Noise has always been a part of our daily life, be it the noise that comes from nature, such as birds chirping, or from human activities, such as construction site sounds. We might get used to hearing them but could lead to potential harm to our health.
The noise that we hear every day can be noise pollution, the spread of unwanted sounds into the environment. If this keeps happening, noise pollution can trigger potential health problems. The effects of noise pollution include increased stress levels, sleep disturbance, or hearing damage.
The physical health effects of noise pollution can occur as a direct or indirect result of noise exposure. In some cases, loud sounds can cause hearing impairment, such as abnormal loudness perception, tinnitus, which causes a persistent high-pitched ringing in the ears, and paracusis, or distorted hearing.
In some researches, noise pollution may also indirectly contribute to other health conditions. There is evidence that short-term exposure to noise pollution can temporarily raise blood pressure and increase blood viscosity. There is also an association between long-term exposure to noise and higher rates of cardiovascular disease which is due to the increase of stress hormone levels and the nervous system. Over time, this stress may contribute to the development of the disease.
Too much noise can also impact mental health.
The brain is always monitoring sounds for signs of danger, even during sleep. As a result, frequent or loud noise can trigger anxiety or stress. If this keeps occurring, a person’s sensitivity to stress increases.
People living with noise pollution may also feel irritable, on edge, frustrated, or angry. If a person feels they cannot control the amount of noise in their environment, its impact on their mental health intensifies.
Environmental noise is also a common cause of sleep disturbance. The unwanted noise can cause difficulty falling asleep, inability to stay asleep, even waking up too early. Sounds can also reduce the depth and quality of sleep, altering the amount of rapid eye movement sleep. This can impact a person’s mood and ability to concentrate.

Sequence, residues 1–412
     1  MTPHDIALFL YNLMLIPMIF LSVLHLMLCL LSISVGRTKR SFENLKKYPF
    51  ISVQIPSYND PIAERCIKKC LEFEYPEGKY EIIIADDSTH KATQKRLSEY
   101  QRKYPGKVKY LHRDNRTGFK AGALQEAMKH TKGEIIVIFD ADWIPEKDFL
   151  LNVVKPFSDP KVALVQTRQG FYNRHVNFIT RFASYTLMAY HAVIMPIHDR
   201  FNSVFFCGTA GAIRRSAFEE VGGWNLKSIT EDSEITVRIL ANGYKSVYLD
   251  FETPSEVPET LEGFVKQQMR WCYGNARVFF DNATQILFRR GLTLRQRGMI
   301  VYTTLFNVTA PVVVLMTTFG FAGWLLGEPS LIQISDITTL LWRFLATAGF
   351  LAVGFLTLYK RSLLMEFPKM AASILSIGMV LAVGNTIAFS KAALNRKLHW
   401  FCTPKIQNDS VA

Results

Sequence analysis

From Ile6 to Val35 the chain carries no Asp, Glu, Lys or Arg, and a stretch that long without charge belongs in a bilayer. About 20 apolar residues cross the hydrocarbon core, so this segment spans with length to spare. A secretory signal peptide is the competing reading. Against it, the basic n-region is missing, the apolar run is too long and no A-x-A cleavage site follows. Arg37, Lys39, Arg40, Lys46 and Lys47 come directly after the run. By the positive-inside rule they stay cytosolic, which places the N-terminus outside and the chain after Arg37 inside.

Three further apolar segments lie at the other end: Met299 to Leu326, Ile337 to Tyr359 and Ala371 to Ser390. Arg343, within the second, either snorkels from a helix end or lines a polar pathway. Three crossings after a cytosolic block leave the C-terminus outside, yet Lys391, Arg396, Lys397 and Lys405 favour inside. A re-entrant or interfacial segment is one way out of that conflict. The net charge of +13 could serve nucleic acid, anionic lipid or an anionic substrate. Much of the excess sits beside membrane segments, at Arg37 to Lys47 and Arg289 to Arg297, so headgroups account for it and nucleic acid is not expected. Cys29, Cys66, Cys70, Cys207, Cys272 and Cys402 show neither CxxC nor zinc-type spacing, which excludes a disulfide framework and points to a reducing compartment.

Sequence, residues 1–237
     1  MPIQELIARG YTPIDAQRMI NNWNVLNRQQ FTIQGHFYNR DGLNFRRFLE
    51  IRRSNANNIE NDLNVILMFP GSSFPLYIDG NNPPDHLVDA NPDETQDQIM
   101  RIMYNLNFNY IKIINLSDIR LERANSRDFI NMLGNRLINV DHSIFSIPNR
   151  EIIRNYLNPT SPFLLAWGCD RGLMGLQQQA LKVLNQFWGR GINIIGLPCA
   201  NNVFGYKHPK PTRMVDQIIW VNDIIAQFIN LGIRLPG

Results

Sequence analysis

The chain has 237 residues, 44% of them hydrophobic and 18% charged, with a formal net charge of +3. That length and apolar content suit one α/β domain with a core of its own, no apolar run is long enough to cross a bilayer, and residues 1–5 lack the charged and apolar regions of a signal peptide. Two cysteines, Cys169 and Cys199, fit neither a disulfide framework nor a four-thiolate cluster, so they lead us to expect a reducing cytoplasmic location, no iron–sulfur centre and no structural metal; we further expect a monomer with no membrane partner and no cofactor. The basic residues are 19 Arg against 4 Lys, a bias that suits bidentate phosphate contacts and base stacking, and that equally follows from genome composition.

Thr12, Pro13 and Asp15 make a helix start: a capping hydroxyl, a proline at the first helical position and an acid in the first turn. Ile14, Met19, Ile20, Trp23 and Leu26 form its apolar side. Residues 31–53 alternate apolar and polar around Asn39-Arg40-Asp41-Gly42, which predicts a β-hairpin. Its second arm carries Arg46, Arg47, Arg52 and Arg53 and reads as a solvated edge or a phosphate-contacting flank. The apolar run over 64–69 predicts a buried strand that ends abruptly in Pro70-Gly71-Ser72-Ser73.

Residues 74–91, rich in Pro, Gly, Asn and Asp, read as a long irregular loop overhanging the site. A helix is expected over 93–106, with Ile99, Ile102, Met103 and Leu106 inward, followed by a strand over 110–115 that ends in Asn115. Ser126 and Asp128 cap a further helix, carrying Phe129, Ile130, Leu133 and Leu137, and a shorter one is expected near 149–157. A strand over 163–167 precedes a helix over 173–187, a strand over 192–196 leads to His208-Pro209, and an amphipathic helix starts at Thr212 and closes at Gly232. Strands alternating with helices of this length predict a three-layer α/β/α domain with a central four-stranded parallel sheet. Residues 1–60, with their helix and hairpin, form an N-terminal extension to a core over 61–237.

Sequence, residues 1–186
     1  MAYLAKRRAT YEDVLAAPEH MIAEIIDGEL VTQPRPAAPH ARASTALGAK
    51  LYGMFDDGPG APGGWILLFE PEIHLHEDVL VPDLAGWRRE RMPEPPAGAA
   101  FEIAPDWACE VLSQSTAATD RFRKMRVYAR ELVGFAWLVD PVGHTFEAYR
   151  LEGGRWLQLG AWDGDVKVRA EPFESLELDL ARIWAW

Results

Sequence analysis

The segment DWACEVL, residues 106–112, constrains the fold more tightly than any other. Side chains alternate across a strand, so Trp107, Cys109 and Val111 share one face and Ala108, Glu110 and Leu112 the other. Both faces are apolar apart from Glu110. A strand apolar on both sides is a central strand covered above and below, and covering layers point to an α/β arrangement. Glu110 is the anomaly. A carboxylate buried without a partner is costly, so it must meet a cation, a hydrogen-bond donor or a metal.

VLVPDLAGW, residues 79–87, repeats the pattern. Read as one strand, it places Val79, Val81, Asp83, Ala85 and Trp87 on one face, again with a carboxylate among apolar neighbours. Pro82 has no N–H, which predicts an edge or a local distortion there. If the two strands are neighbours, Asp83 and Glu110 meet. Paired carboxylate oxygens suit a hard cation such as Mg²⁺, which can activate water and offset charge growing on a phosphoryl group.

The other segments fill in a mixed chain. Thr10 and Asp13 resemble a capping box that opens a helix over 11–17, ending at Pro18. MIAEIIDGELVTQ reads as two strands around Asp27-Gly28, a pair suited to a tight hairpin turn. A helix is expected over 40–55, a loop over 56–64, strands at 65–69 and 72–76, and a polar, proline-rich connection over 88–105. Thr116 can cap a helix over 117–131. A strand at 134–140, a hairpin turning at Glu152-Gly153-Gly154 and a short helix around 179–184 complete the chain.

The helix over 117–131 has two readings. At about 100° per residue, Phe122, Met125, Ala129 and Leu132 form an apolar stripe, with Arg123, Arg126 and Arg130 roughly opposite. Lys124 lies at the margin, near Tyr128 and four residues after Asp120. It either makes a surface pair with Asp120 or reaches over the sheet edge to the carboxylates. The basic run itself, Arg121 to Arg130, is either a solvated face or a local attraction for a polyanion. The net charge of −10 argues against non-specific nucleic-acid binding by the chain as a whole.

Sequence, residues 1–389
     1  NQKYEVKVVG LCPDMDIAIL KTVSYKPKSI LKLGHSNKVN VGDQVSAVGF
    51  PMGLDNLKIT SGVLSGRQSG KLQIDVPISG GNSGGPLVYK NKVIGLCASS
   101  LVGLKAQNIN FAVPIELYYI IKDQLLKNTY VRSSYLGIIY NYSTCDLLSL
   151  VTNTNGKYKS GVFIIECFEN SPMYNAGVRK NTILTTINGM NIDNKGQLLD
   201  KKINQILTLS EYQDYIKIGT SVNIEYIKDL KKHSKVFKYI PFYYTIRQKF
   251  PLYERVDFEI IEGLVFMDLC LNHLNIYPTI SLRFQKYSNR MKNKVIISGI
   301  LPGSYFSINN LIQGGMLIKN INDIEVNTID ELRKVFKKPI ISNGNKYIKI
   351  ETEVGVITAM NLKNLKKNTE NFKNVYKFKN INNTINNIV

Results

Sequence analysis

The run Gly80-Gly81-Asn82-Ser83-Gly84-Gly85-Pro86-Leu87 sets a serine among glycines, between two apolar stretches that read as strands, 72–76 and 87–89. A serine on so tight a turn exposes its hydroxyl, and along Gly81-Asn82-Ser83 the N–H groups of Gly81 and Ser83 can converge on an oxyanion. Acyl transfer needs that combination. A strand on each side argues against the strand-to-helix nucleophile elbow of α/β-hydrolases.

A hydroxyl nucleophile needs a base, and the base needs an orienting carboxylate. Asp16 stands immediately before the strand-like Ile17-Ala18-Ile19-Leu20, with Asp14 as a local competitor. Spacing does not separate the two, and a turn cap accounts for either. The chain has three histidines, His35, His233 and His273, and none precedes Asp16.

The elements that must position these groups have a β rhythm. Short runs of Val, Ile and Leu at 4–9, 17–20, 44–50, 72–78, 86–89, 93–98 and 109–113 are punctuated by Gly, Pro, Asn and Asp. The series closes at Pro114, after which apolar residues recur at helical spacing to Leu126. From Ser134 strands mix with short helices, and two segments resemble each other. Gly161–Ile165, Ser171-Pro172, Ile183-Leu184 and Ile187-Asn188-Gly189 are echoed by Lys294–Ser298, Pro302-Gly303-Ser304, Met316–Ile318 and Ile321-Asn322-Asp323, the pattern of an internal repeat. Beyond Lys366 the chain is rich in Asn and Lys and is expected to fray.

Noise pollution can also cause concentration problems, especially if it occurs to children. Children can also be prone to lack of communication and speech development as well as cognitive performance.
In some cases, noise pollution is unavoidable. However, there are ways to reduce noise levels inside the home. A person can try:
Reducing noise from appliances, such as heaters, fans, and other appliances. Try turning them off more often or setting a timer, so they only switch on at certain times.
Reducing noise from media devices, such as music, televisions, and video games. Avoid having unnecessary noise playing in the background for long periods, or listening to sounds at too high a volume.
Repair or replace old machinery, such as old vehicles. Consider upgrading or replacing noisy household items.
Create more quiet time with quiet activities, such as reading, puzzles, or creative hobbies. Avoid playing music or having background noise during this time.
Ear protection: If loud noise is unavoidable, use ear protection, such as earplugs or earmuffs, to reduce its impact.
The last but definitely not the least thing you can do is soundproofing your room. Adding insulation strategically around the home can help muffle sounds from other rooms, neighbors, or outside. Acoustica Projects will help you to reduce the noise pollution for your health.
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